Mohammad Aamer urged to appeal against ban

PCB chairman urges Aamer to appeal against five-year spot-fixing ban

|

UPDATED:

18:21 GMT, 24 March 2012

Mohammad Aamer has been encouraged to appeal against his five-year ban for spot-fixing by the chairman of the Pakistan Cricket Board.

Zaka Ashraf accepts Amir's claim that he was 'trapped' into becoming involved in a spot-fixing plot with former captain Salman Butt and bowler Mohammad Asif in England in the summer of 2010, which led to all three players serving custodial sentences.

Accusation: Aamer (left) claimed he was 'trapped' by Salman Butt (right)

Accusation: Aamer (left) claimed he was 'trapped' by Salman Butt (right)

Aamer, 19, was the first of the three to be released at the start of last month and Ashraf, who met Aamer recently, now believes the player should challenge the sporting sanction imposed on him by the International Cricket Council, although the player has previously indicated his intention not to do so.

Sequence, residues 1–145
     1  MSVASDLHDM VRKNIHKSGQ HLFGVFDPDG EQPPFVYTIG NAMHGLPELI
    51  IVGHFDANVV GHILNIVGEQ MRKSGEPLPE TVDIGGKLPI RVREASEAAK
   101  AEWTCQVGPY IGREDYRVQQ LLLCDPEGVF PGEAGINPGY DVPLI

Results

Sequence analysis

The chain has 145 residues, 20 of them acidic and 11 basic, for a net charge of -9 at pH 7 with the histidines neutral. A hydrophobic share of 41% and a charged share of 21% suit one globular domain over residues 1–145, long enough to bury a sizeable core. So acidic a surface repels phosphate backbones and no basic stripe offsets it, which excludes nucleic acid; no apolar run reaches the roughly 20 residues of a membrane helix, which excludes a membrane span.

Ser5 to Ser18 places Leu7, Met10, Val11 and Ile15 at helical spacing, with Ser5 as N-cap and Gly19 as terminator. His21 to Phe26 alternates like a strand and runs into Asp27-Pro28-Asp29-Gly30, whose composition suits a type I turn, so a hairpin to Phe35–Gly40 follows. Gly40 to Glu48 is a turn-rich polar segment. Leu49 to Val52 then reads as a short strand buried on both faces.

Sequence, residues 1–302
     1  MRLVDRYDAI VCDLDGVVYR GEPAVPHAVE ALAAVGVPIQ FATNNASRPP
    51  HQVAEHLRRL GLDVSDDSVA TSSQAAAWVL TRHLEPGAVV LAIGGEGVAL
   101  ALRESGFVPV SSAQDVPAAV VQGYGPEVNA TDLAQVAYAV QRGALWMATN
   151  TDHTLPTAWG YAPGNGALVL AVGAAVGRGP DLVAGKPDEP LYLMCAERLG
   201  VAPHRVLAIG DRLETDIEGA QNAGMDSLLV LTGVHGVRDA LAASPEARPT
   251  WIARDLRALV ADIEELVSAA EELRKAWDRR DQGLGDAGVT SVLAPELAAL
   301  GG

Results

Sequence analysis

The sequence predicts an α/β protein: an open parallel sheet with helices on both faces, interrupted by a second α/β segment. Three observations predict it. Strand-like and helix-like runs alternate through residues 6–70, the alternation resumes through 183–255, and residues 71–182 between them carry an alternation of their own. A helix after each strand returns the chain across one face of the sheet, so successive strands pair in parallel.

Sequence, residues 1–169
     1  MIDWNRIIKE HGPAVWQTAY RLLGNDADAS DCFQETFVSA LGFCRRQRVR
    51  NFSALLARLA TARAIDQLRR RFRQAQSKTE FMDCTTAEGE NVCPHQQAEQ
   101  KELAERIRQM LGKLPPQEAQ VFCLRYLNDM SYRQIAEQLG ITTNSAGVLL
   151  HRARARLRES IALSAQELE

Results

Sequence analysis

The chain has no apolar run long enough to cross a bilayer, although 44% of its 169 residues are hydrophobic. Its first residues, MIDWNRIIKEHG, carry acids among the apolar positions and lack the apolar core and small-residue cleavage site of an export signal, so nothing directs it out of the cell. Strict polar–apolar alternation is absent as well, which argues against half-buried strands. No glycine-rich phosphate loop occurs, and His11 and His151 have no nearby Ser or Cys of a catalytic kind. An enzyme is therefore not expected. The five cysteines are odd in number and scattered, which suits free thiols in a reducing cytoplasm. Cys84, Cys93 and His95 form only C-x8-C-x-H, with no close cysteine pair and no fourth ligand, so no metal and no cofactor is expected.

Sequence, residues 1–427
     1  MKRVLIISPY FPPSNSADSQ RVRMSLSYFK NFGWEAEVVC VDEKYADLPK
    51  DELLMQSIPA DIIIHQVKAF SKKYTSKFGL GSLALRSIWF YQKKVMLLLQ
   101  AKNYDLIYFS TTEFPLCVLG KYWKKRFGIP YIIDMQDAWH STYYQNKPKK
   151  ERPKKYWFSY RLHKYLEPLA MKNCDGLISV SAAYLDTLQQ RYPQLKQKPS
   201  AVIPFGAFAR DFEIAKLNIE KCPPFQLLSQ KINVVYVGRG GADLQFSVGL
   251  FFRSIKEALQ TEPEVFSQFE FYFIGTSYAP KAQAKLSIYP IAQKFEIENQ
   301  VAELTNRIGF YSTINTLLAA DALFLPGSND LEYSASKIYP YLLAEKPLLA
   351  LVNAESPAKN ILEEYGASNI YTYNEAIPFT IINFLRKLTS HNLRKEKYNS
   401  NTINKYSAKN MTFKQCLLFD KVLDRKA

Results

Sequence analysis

Ashraf told pakpassion.net: 'Aamer was very apologetic at the meeting we had with him and spoke of how he was trapped into spot-fixing.

'He is such a wonderful young talent that has been wasted and it's such a shame that he cannot even use our practice facilities. Coming from such a remote village Amir could have become the best bowler in the world. He has served his prison sentence and that matter is now closed, but the issue of the ICC ban is obviously still ongoing.

Five-year ban: But the PCB have urged Aamer to appeal

Five-year ban: But the PCB have urged Aamer to appeal

'I think the five-year ban is too harsh and it is down to Amir if he wishes to appeal against that lengthy ban imposed upon him. I would suggest that he does appeal against the ban and I think the relevant body should take a lenient view given his age and the talent he possesses.

'We should not let this young boy's career be ruined, we should all try to help him and understand that he was trapped into getting involved in spot-fixing.'

Ashraf also said the player would undergo psychiatric treatment to address his mental frailties, and then give lectures to other aspiring cricketers urging them to avoid the pitfalls he experienced.